Last week, on the new MacHaxor site, I explained how to create an encrypted disk image on a mac, but there are similar tools available for Linux. TrueCrypt allows you to make all kinds of encrypted containers, but one of the most interesting is a hidden partition.
Every now and again, I’ll find myself with some files sitting around in my trash that I can’t delete. This can be particularily problematic when I’ve got several gigs worth of stale ISOs sitting there giving me an error like: 'Error removing file: Permission denied'
Webilder delivers stunning wallpapers to your Linux desktop, directly from Flickr and Webshots. You choose what keywords (tags) to watch for, and photos are automatically downloaded to your computer.
Save for Web allows to find compromise between minimal file size and acceptable quality of image quickly. While adjusting various settings, you may explore how image quality and file size change. Options to reduce file size of an image include setting compression quality, number or colors, resizing, cropping, Exif information removal, etc.
Logical Volume Manager or LVM for Linux operating system does the great work for maintaining the disk drives and similar mass-storage devices. Particularly for the RAID systems, use of LVM has great advantages. The Linux flavor like RedHat will allow you to create LVM volumes on top of the RAID volumes.
Banshee 1.2 has a dedicated Internet Radio station library, where you can add your favorite internet radio stations, play them, and even organize them into playlists. Get your news fix, or listen to streaming music all day, all quickly accessible from within Banshee.
I remember it took me some time to understand how this worked… so I want to let you know how you can add a link to a generic directory on your Desktop. It’s really easy to do that, but it can be quite of tricky because it’s a different way from Window’s one.
Not too long ago Google released their gadgets for Linux. Those fine folks at GetDeb.net have compiled an easy to use .deb file for us Debian based Linux folk to use. It’s quite simple - here’s what you do.
There was some recent discussion on one of the local User Group lists this week about “What is your favorite underdog OSS application?” This discussion brought out quite a few of the little never-heard-of applications, yet many of them have proven to be really useful! If you’ve never spent an hour or two poking around the less-popular section of the repositories you’ll be surprised what you find in there!
If your computer habits are anything like mine you probably have a set of applications that you use nearly every time you log in to the machine. Let me guess.. Firefox? Pidgin perhaps? Thunderbird or Evolution? You may have more or less, but it is common for a user to use the same applications regularly. Wouldn’t it be nice if those commonly used applications could startup faster? That is possible with a tool called “Preload”.
IRC (Internet Relay Chat) is a protocol for text-based internet chat created by Jarkko Oikarinen in 1988. Ever since it was developed, IRC gained more and more popularity and currently it's one of the standard ways for projects and distributions to provide online help, for developers to meet and discuss aspects regarding their work.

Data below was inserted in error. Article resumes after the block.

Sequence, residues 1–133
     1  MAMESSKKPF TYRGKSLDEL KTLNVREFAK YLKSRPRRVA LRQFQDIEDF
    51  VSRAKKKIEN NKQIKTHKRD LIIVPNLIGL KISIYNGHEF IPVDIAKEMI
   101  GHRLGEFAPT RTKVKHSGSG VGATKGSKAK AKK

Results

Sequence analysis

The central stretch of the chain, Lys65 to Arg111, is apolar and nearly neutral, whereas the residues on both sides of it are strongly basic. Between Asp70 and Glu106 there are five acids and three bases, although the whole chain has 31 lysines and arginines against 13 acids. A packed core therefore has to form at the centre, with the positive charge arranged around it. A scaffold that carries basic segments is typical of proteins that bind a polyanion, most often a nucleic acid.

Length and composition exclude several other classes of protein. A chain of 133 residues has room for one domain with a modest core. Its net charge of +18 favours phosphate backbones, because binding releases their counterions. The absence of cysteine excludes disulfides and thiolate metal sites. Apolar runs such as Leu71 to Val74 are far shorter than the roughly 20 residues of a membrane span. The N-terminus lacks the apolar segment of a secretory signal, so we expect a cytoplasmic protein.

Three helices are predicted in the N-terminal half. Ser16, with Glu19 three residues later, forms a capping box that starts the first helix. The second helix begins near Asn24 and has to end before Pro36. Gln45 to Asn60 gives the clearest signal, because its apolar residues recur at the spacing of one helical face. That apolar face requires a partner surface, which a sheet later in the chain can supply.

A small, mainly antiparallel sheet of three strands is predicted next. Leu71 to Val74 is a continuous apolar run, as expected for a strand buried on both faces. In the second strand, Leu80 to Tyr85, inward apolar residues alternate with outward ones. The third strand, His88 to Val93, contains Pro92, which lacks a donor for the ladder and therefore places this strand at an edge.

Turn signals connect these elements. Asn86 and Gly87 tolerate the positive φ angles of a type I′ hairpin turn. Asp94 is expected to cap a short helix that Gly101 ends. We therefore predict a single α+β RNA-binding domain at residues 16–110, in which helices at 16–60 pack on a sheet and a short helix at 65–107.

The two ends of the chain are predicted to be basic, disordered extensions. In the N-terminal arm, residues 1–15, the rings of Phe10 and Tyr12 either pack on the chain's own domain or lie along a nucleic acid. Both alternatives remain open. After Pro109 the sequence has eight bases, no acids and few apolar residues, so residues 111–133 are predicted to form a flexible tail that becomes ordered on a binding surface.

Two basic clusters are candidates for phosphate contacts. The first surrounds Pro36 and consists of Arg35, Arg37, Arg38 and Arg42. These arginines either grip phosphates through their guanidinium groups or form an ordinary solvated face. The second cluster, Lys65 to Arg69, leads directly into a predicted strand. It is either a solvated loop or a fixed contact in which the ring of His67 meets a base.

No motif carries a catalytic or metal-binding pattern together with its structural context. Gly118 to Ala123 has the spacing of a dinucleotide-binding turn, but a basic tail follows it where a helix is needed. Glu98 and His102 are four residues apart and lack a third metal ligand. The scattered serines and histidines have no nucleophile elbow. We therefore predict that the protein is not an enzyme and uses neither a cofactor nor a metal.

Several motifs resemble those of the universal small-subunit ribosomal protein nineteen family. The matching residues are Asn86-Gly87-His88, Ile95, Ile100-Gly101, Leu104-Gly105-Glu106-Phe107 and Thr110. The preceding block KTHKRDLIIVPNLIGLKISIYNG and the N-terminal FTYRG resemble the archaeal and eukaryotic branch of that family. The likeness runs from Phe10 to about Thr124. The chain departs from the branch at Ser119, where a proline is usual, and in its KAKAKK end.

USB flash drives are really cheap these days, so I decided to create a portable environment that contains all my favorite applications, as well as Java IDEs and utilities. This is attractive since I can boot up any computer with this thumb drive, and have the same environment to work with. Besides, it is kind of cool.
ISO Master is a graphical editor for ISO images with support for ISO9660, RockRidge, and Joliet file names. It is useful for extracting, deleting, or adding files and directories to or from an ISO image. It is based on the bkisofs and GTK2 libraries.
I have started using Ubuntu 8.04 in few days ago and found it Great. So, now I’ve moved my development environment from windows and working in Ubuntu. Here I am just explaining what steps I had to take for this jump. Also have a listing of some development related softwares/tools which I am using as replacement of windows applications.
Richard recently asked for instructions for enabling wmv files to be played on Ubuntu 8.04 (Hardy Heron). This is important since TASI has uploaded its summer school videos in wmv format. After reinstalling Ubuntu, I followed the instructions at Ubuntu Geek and that seems to have worked well. Here’s a summary.
In a release long, long ago and in a galaxy far, far away I blogged about how to configure Ubuntu to print directly to a .pdf file. Looking back to this article it appears to be outdated an in need of some corrections. This tutorial will outline how to use and, if needed, configure your Ubuntu 8.04 machine to print directly to a .pdf file.
Scribus, a free, open source desktop publishing application, offers a wide range of page layout features, but one thing it lacks is the ability to print booklets. Fortunately, I've come across a simple procedure that lets you work around this issue. Here's how to do it in Linux; Windows users should be able to follow along too.
gDesklets is a system for bringing mini programs (desklets), such as weather forecasts, news tickers, system information displays, or music player controls, onto your desktop, where they are sitting there in a symbiotic relationship of eye candy and usefulness. The possibilities are really endless and they are always there to serve you whenever you need them, just one key-press away.
I’ve blogged about this in the past but it seemed to be overlooked. I blame the poor choice of title. In any event, I figure it would be worth revisiting as I’ve had a few suggestions on it being a good topic.
I realize it has been ages since I first wrote on this topic so I figured I’d revisit it again. If you’ve ever found yourself unable to playback a DVD on your Ubuntu system, this post will outline the reason and the fix.